However, I did feel the visual presentation still suffered from a couple of drawbacks. Perhaps it was an aesthetic choice, but I felt the film was just too dark. I know, it is supposed to be scary, the film is so bathed in black I almost had trouble making out what was happening in some scenes. Fine details frequently appear to be lost to the shadows, and even the more dynamic sequences with flashing lights, etc., lacked the three-dimensional pop of the best transfers I've seen.
Also a detriment to me is that I noticed a bit of "flickering" in the image, mostly in the opening star field shot and on the film's opening logo, which exhibited some stairstepping on the logo's sharply contrasted lines. I wouldn't expect to see that on high-def material, though that may be a result of our Toshiba HD-XA1's ability to only output 1080i. Hopefully, when the next-gen players arrive, we will be able to take advantage of these early HD DVD disc's native 1080p encoding, which should provide a smoother, more film-like picture.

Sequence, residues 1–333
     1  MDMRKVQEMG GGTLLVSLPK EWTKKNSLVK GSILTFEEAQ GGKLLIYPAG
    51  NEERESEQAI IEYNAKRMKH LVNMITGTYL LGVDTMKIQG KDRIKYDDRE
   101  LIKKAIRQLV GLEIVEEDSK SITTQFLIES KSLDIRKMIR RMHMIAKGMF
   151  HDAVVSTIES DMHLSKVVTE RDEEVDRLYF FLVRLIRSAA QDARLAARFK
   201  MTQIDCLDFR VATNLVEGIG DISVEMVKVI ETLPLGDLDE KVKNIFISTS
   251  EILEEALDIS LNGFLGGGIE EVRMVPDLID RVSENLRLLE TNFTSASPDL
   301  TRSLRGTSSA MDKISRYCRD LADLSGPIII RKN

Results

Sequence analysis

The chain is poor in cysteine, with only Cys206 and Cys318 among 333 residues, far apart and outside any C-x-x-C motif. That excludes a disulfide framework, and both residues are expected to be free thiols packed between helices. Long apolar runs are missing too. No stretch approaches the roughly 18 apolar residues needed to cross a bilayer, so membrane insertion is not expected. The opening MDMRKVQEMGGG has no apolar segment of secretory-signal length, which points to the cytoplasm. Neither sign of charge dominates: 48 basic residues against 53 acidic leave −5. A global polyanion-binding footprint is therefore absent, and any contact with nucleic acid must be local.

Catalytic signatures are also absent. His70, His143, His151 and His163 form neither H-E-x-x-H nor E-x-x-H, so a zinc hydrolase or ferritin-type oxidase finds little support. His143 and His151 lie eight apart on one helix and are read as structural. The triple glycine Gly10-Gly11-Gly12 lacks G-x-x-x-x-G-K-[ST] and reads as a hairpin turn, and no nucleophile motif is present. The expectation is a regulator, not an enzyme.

Well, at least the soundtrack rocks. 'Doom' is almost wall-to-wall action, with plenty of aural activity to keep your ears engaged (I can't say the same for the film's dialogue, but nevermind).